If you are arrested, who would you rather oversee setting your bail – a stern judge in a rotten mood, or a computer program designed by someone you will never meet?

South Carolina courts are not yet using artificial intelligence (AI) to determine sentences in the courtroom, but it may be coming…

Courts in some parts of the U.S. have begun using algorithms to help set bail amounts and determine appropriate sentences by predicting how likely a defendant is to skip bail or commit another crime.  

Supporters of using AI in the courts claim that algorithms decrease human error and biases such as racism.   

Critics counter that such socially – and personally – important decisions demand a level of critical thinking and transparency that data-driven algorithms simply cannot provide.

Artificial Intelligence is Creeping Into Every Aspect of Our Lives

Most of us get a lot of entertainment advice from AI. These algorithms are sometimes shockingly accurate – you really like that movie your streaming service recommended, and that band recommended by your personalized digital radio program turned out to be really groovy.

When that happens, it feels like the software making these recommendations knows more about your tastes than your own friends do.

But not always. Most of us have checked out a tune recommended by a streaming service and thought, “What is this crap? Why would I want to listen to this?”

These algorithms are not really that smart. They are guessing at what you may like by considering factors that were programmed into them by people.

When it comes to movies and music, most of us think the hits outweigh the misses – suffering through a few seconds of a terrible song is worth it if the next recommendation turns us on to the greatest band ever.

But, when it comes to the criminal justice system, these kinds of misses are unacceptable.

AI Is Neither Bias-Free nor Transparent

Proponents argue that using AI in sentencing could eliminate biases like racial prejudice. The problem is – humans create and program the AI. So, biases are inevitably embedded in the very software that is meant to eliminate them.

And, even more importantly, the humans creating algorithms for sentencing are not court officials, government agencies who are accountable to the public, or even persons with a legal education.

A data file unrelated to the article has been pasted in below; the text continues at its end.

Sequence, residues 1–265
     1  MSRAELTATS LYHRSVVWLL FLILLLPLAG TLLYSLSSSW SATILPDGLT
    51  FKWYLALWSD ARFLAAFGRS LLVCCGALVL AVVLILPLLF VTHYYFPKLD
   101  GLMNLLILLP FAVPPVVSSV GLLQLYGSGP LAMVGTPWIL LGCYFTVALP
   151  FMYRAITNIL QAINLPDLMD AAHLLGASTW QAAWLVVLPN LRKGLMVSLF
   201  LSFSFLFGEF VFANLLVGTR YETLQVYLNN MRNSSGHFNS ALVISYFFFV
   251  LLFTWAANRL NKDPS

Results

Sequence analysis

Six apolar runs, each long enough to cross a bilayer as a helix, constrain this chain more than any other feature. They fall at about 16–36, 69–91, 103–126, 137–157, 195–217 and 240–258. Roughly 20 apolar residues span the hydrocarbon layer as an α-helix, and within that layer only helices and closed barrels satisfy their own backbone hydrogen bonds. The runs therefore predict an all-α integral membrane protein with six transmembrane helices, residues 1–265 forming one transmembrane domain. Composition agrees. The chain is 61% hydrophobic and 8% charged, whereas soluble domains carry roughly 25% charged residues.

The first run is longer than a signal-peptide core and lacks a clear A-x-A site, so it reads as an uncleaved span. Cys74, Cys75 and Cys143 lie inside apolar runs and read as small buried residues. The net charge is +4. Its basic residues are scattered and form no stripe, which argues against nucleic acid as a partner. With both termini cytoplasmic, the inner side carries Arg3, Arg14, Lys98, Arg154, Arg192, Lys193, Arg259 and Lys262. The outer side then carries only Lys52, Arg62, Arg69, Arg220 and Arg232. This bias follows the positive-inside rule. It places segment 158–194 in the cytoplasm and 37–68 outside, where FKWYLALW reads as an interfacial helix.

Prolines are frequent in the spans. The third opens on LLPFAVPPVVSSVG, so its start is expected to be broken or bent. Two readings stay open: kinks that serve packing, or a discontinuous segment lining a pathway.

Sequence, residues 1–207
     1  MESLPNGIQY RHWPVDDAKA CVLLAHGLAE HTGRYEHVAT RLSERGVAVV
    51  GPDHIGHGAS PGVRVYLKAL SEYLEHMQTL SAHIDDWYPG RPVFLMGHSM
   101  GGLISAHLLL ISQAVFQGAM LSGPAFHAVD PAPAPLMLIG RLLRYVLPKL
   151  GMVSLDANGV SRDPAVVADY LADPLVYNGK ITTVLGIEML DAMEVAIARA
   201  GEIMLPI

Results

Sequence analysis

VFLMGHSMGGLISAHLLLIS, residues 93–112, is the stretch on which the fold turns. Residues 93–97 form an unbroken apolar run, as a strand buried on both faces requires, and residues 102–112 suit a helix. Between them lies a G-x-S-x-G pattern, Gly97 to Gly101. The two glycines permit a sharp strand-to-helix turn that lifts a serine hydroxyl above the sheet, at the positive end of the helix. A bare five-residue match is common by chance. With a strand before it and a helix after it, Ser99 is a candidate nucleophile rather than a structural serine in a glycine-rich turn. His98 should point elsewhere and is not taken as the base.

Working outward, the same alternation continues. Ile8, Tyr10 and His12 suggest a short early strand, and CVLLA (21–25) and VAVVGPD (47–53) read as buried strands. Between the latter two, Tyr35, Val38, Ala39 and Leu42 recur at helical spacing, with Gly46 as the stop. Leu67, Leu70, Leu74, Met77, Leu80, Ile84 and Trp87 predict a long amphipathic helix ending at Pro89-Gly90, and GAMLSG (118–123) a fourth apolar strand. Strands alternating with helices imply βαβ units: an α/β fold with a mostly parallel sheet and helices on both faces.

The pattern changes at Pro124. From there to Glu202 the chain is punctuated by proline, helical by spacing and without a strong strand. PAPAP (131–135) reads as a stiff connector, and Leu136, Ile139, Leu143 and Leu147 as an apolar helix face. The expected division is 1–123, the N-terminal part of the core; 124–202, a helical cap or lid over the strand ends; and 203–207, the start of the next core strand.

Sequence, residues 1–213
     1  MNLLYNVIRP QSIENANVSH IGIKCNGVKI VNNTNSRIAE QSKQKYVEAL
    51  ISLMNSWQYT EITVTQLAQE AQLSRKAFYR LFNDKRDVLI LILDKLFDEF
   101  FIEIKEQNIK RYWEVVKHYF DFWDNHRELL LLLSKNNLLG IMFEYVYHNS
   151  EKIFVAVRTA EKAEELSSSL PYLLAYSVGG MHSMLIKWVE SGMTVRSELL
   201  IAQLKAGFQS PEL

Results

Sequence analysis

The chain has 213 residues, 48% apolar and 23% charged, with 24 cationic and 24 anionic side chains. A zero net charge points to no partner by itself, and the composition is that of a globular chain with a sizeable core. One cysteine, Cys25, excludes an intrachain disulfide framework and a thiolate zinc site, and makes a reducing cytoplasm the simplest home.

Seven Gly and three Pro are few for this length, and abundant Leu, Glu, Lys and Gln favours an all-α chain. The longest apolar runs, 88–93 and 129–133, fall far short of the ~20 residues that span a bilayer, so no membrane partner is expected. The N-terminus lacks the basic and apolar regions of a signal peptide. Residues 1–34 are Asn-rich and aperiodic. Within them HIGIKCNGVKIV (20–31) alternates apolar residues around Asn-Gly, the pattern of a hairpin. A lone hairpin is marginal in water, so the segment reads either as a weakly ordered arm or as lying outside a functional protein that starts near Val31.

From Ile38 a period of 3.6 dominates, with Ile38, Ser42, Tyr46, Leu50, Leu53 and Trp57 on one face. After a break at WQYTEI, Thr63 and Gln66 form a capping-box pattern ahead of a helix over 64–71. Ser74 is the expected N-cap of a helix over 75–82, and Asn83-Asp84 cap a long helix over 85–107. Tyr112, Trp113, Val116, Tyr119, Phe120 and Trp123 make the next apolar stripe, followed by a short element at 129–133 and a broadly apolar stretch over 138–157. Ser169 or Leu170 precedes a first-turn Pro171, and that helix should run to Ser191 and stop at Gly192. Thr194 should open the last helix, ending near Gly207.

These programs are created by private businesses who sell them to governments. They are often proprietary, which means the public – the taxpayers who are paying for them – may not have the right to see how the software works or how the algorithms reach their conclusions.

Supporters of using AI in sentencing point out that judges still have discretion – algorithms are just one tool in the judge’s toolbox. But, will judges still use their discretion?

What Happens When Judges Stop Using Their Own Judgment?

Judges are just people, and over time they are likely to use sentencing AI in the same way music lovers use their streaming service – why spend all that time looking for new music when the algorithm makes it easy?

In the case of judges, why bother engaging in critical thinking when the algorithm just spits out all the information needed?

Not only is it easier to lean on AI, it can feel safer, as well. It can be uncomfortable for judges to defend their own reasoning when it is questioned and criticized. It’s much easier to say, “I followed the objective advice of the data-driven machine!”

Federal mandatory minimum sentencing guidelines, which many federal judges have said “ties their hands” and prevents them from dispensing fair and just sentences, may shed some light on what can go wrong when judges are forced to stop using their critical thinking skills and when humanity is removed from the courtroom…

SC Criminal Defense Attorneys in Myrtle Beach, Conway, Charleston, and Columbia

Our criminal and DUI defense attorneys at Coastal Law represent our clients at all levels of SC’s criminal courts, from speeding tickets to murder charges and criminal appeals. Call your Myrtle Beach criminal defense lawyer now at (843) 488-5000 or fill out our online form to set up a free, confidential consultation.

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